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Three APS Fellows Share 1997 Nobel Prize in Physics

William Phillips is congratulated by APS Treasurer Thomas McIlrath.
William Phillips is congratulated by APS Treasurer Thomas McIlrath.
In October, the Swedish Academy of Sciences selected three APS Fellows as recipients of the 1997 Nobel Prize in Physics: Steven Chu of Stanford University, William Phillips of National Institute of Standards and Technology (NIST) and Claude Cohen-Tannoudji of the Ecole Normale Suprieure in France. The scientists were recognized for their development of methods to cool and trap atoms with laser light. The award will be officially presented in Stockholm, Sweden, on December 10, 1997. The three newest Nobelists are expected to give invited talks at the APS Spring Meeting in April.

Laser cooling techniques, in conjunction with magnetic trapping and cooling techniques, have allowed physicists to cool atoms closer to absolute zero than ever before. Cooling atoms to millionths or even billionths of a degree above absolute zero allows the creation and study of such new states of matter as Bose-Einstein condensates and promises even further improvements in already ultraprecise atomic clocks.

Published articles on the Nobel Prize-winning work of these three scientists have appeared in Physical Review Letters over the years. In a 1985 paper, Chu reported his discovery that "the motion of atoms in the intersection region is similar to the movement in a hypothetical viscous medium," and coined the term "optical molasses." In an early 1988 paper, Phillips reported that the atoms had a temperature of about 40 Microkelvins, much below the predicted Doppler limit of 240 Microkelvins. They also found that the lowest temperatures were reached under conditions that contradicted those of the theoretical Doppler limit. Finally, Cohen-Tannoudji demonstrated how the Doppler effect can be used to ensure that only the coldest atoms end up in the dark state. His so-called velocity selective coherent population trapping (VSCPT) method was first applied, and reported on in PRL: in 1988 in one dimension, in 1994 in two dimensions and in 1995 in three dimensions.

In these experiments, an array of laser beams converges on a gas of atoms. In the simplest type of laser cooling, the wavelength of the light is tuned so that just the fastest atoms moving in a particular direction will absorb a photon head-on, thus slowing their motion in that direction. The atoms will eventually re-emit a photon but in random directions. The effect of the laser bombardment is a net slowing of the atoms. This "optical molasses" can slow millions of atoms to temperatures just millionths of a degree above absolute zero. Adding magnetic fields to the laser configuration enables the atoms to be trapped and cooled further.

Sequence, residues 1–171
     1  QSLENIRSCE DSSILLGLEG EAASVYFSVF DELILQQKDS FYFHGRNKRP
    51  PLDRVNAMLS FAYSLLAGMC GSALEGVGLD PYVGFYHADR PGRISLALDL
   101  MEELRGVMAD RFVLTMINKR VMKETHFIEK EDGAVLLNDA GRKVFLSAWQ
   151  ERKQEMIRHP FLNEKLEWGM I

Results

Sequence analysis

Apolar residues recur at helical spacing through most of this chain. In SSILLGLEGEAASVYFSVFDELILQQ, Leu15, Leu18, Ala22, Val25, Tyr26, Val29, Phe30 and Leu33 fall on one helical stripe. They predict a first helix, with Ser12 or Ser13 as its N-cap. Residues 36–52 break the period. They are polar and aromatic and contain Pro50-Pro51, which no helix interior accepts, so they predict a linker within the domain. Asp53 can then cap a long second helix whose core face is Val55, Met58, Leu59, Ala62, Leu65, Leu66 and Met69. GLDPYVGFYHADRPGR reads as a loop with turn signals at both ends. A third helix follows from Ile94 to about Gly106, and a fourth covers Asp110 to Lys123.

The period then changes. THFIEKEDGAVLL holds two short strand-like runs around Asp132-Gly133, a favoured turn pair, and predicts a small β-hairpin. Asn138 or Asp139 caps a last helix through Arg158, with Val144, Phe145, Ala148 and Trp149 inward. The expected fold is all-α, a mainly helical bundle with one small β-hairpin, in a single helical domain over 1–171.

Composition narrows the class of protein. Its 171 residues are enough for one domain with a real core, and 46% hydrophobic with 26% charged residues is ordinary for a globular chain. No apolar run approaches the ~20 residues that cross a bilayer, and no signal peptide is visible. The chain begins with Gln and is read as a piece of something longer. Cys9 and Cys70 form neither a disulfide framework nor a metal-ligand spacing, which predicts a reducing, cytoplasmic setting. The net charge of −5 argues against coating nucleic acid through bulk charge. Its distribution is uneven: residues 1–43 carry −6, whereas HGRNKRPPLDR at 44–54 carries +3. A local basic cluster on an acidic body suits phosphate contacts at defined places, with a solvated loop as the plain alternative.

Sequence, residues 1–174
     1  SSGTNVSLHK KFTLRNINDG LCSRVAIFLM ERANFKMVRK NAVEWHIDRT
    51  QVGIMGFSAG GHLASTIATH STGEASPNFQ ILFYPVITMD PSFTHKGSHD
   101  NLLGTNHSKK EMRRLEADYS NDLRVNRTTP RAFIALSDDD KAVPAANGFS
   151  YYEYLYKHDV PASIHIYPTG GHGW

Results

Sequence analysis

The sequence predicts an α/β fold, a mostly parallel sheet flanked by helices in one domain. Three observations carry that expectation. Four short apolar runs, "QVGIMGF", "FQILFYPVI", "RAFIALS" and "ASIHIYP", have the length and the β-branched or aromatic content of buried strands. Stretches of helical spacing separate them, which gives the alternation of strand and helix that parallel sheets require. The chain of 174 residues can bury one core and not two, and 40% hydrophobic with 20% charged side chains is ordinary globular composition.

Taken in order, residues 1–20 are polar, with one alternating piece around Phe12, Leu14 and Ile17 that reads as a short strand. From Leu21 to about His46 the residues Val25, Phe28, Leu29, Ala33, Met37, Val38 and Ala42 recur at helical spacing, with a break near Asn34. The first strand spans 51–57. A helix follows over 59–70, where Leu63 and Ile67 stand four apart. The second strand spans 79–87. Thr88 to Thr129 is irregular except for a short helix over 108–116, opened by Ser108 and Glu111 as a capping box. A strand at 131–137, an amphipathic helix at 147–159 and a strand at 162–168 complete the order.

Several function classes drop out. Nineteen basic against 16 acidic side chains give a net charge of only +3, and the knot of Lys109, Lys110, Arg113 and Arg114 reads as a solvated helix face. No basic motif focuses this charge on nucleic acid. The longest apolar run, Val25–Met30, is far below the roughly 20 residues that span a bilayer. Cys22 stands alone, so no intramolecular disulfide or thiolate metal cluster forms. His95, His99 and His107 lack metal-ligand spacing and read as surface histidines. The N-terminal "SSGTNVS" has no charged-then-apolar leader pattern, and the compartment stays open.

As a result of these techniques, physicists can cool atoms closer to absolute zero than ever before, to temperatures of nanokelvins in some cases. Reducing the distracting presence of thermal motion permits the study of atomic properties with much greater precision. Furthermore, laser cooling serves as the first stage in reaching the exotic condition known as Bose-Einstein condensation, the new state of matter in which many atoms begin to "overlap," eventually assuming a single common quantum state.

Chu received his PhD in physics from the University of California at Berkeley in 1976 and remained there for two more years as a postdoctoral fellow before joining the technical staff at AT&T Bell Laboratories in 1978. He headed the Quantum Electronics Research Department in 1983, leaving the company in 1987 to join the faculty of Stanford University, where he is currently a professor of physics and applied physics. He received the APS Arthur L. Schawlow Prize in 1994 for his work in laser cooling and trapping of atoms. Chu has used his laser array to split ultracold atoms into separate waves and recombine them to form interference patterns that can provide detailed information on the atoms.

Phillips received his PhD in 1976 from the Massachusetts Institute of Technology and completed a postdoctoral stint there before joining NIST in 1978. Although his work was originally related to precision electrical measurements, he was allowed to perform experiments in laser cooling in his spare time, which eventually led to NIST's internationally recognized research program in this field. He was recently selected as the 1998 recipient of the APS Schawlow Prize, to be presented next fall. With his laser setup, Phillips can create "optical lattices," crystal-like arrays of atoms held in place by light waves. He and his team are continuing to study ultra-cold trapped atoms with spin-off applications for improved accuracy in atomic clocks and in the fabrication of nanostructures.

Born in Algeria and a citizen of France, Cohen-Tannoudji received his PhD in 1962 from the Ecole Normale Suprieure in Paris. He has been a professor at the College de France since 1973 and is a member of the Academie des Sciences. He shared the 1992 APS Lilienfeld Prize with Alan Guth. In a particularly sophisticated form of laser cooling, Cohen-Tannoudji has put helium atoms into a "dark state," whereby the coldest atoms become unable to absorb additional light and fall to temperatures even lower than previously imagined possible. The chilled atoms may also become the basis for extremely precise atomic clocks, accelerometers and gyroscopes.

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Editor: Barrett H. Ripin